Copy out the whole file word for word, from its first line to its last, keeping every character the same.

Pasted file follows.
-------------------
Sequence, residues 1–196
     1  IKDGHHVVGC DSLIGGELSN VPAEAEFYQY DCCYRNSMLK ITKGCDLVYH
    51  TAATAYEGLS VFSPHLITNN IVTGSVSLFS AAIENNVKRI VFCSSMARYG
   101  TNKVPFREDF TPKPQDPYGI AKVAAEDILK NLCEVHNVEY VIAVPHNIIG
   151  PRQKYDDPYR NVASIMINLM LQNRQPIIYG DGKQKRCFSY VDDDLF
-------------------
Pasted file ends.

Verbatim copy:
Sequence, residues 1–196
     1  IKDGHHVVGC DSLIGGELSN VPAEAEFYQY DCCYRNSMLK ITKGCDLVYH
    51  TAATAYEGLS VFSPHLITNN IVTGSVSLFS AAIENNVKRI VFCSSMARYG
   101  TNKVPFREDF TPKPQDPYGI AKVAAEDILK NLCEVHNVEY VIAVPHNIIG
   151  PRQKYDDPYR NVASIMINLM LQNRQPIIYG DGKQKRCFSY VDDDLF